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HMV goes into administration – what you need to know

Music giant HMV has fallen into administration. If you're affected, here's what you need to know about gift cards, online orders, return rights and more. 

Accountancy firm KPMG has been appointed as administrator, and it says it will continue to trade the business while looking at options including a possible sale.

HMV currently has 128 stores and employs around 2,000 people, whose jobs may now sadly be at risk. It had previously filed for administration in 2013, but was bought by its current owner Hilco. 

HMV is the latest in a string of high street retailers to go into administration, including Toys R Us, Maplin and House of Fraser, which was later bought by Sports Direct

Got a gift card? Use it quick

Gift cards are always a grey area when a firm goes into administration, as there's no obligation for the administrators or the buyer of a business to continue honouring them.

The good news if you've an HMV gift card is that KPMG says you WILL be able to use it while the business is still trading. However, there are no guarantees of how long this'll be, so if you have a gift card, spend it sooner rather than later.

No new gift cards will be sold from now on.

Can I return an item I've already bought?

KPMG has changed some of HMV's returns policies, as often happens when a store goes into administration - here's what it's now saying:

  • If an item's faulty you CAN still get a refund.  A KPMG spokesperson told us HMV's policies for returning faulty items will remain the same for now. This means you'll be entitled to a full refund within 30 days of purchase, or a repair or replacement after that - regardless of whether you bought it in-store or online.

    How you can return faulty items depends on how you bought them - if you bought them in-store, you should return them in-store, and if you bought online you'll need to contact the e-commerce team. You can do this by emailing with your order number and details of the fault.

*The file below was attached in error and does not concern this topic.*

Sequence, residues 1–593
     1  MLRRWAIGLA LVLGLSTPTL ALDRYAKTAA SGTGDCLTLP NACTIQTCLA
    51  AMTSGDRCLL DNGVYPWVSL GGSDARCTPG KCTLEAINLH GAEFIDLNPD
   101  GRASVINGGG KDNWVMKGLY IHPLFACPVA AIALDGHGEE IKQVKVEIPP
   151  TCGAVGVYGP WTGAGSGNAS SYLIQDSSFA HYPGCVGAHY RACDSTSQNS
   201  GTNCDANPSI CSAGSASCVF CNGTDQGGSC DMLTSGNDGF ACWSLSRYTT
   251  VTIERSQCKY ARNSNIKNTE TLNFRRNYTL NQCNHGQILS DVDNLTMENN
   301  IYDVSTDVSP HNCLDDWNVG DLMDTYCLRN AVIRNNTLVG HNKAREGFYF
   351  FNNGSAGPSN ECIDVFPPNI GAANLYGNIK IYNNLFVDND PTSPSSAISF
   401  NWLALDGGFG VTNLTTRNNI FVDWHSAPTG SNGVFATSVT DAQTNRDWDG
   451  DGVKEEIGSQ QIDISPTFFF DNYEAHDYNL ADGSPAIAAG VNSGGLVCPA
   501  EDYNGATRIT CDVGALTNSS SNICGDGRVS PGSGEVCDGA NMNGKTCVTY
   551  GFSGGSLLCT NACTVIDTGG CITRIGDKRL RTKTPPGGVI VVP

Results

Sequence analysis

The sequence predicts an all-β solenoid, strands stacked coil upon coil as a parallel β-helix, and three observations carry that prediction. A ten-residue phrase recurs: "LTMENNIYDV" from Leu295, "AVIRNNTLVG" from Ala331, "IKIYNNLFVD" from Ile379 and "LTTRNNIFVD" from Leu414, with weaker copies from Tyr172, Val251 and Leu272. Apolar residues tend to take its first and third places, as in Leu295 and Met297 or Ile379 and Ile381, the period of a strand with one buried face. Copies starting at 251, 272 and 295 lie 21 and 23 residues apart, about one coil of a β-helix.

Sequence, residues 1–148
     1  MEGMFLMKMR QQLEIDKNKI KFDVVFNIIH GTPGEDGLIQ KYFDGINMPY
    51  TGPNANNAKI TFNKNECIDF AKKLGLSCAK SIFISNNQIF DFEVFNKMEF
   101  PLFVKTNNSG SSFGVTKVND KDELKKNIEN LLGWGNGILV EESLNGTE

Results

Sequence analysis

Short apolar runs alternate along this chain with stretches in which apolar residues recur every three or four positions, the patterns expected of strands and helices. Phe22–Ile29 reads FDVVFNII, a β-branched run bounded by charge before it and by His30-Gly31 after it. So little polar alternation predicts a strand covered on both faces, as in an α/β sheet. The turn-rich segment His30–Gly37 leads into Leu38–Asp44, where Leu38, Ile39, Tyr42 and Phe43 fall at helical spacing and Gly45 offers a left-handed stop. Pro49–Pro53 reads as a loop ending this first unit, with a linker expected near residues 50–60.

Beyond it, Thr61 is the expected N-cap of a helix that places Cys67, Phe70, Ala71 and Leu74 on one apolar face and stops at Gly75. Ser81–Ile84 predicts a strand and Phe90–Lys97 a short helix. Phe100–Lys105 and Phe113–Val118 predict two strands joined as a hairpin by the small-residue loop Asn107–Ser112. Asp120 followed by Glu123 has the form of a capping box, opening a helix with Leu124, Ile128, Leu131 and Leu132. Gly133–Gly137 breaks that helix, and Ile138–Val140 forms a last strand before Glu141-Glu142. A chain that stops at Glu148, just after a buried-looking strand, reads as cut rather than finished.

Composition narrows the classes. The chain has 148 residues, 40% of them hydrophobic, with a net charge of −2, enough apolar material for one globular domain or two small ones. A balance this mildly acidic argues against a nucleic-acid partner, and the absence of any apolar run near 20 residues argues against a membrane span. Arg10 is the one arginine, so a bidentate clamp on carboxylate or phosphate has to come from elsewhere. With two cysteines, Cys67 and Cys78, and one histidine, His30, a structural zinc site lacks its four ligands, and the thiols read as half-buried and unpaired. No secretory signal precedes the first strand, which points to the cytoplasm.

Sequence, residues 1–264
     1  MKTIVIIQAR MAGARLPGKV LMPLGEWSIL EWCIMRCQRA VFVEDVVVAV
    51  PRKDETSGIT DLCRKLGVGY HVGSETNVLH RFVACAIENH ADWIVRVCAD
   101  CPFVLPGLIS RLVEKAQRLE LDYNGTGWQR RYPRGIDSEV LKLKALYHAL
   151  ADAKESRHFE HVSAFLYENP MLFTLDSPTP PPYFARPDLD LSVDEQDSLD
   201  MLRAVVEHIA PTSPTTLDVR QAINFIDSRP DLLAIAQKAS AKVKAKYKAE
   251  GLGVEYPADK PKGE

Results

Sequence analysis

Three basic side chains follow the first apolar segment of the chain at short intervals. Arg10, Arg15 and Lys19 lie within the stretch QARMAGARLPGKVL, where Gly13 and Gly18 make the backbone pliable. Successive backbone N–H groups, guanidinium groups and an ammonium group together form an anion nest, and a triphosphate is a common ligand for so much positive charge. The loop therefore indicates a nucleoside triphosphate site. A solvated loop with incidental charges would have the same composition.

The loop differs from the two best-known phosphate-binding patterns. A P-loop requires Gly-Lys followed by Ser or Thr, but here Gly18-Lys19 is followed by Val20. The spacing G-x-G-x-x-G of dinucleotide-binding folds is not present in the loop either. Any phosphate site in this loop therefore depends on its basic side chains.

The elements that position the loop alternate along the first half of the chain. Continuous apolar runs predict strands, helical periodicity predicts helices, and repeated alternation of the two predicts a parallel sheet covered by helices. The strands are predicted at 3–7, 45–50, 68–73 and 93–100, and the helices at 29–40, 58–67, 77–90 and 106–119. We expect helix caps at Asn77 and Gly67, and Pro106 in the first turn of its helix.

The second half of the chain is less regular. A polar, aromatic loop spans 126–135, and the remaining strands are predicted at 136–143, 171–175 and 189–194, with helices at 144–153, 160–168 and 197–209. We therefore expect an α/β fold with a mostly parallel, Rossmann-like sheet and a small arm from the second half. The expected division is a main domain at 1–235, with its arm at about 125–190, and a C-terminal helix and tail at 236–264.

• With other items, you can get an exchange. HMV's normal returns policies - for example, allowing you to get a refund for items bought online even if you've just changed your mind so long as you cancel your order within 14 days - no longer apply. However KPMG says if you have a non-faulty item you need to return (for example, because it's the wrong size) you can still get an exchange in-store.

    Again, this applies regardless of whether you bought in-store or online. It hasn't yet told us how long from purchase you can do this - we've asked and will update this story when we hear back, but it's best to do it ASAP. 

Outstanding online orders WILL be honoured 

If you order online and the company goes into administration before you receive your purchase, there are no guarantees you'll get it. However in this case KPMG says all outstanding HMV orders should be delivered. If an online order doesn't arrive, it says you should contact customer services as soon as possible. 

It also says that it's in discussions with third-party suppliers to "ensure continuity", and adds that HMV's online shop will continue to operate as normal.

The HMV website was still trading as of 2pm on Wednesday 2 January – but given the unpredictability of the situation, weigh up the risk very carefully before ordering a new item online. 

What about HMV's loyalty scheme?

The PureHMV loyalty scheme's website is currently "temporarily unavailable".

We've asked whether the scheme is still open, and if you're still able to use any accrued points, but KPMG says it's unable to answer this as PureHMV is not part of the administration. We'll continue to chase this and update this story when we know more. 

What does HMV say?

Paul McGowan, executive chairman of HMV and its owner Hilco, said: "During the key Christmas trading period the market for DVD fell by over 30% compared to the previous year and, whilst HMV performed considerably better than that, such a deterioration in a key sector of the market is unsustainable.

"HMV has clearly not been insulated from the general malaise of the UK high street and has suffered the same challenges with business rates and other Government-centric policies which have led to increased fixed costs in the business.

"Business rates alone represent an annual cost to HMV in excess of £15 million. Even an exceptionally well-run and much-loved business such as HMV cannot withstand the tsunami of challenges facing UK retailers over the last 12 months on top of such a dramatic change in consumer behaviour in the entertainment market."

Additional reporting by the Press Association. 

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